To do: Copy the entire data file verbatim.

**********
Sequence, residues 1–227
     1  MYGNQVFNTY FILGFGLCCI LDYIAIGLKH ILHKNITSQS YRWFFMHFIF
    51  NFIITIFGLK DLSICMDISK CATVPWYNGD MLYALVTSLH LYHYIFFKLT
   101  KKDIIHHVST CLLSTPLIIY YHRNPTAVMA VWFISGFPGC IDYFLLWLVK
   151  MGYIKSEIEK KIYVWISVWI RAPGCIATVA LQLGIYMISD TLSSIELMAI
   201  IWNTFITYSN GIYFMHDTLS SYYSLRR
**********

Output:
Sequence, residues 1–227
     1  MYGNQVFNTY FILGFGLCCI LDYIAIGLKH ILHKNITSQS YRWFFMHFIF
    51  NFIITIFGLK DLSICMDISK CATVPWYNGD MLYALVTSLH LYHYIFFKLT
   101  KKDIIHHVST CLLSTPLIIY YHRNPTAVMA VWFISGFPGC IDYFLLWLVK
   151  MGYIKSEIEK KIYVWISVWI RAPGCIATVA LQLGIYMISD TLSSIELMAI
   201  IWNTFITYSN GIYFMHDTLS SYYSLRR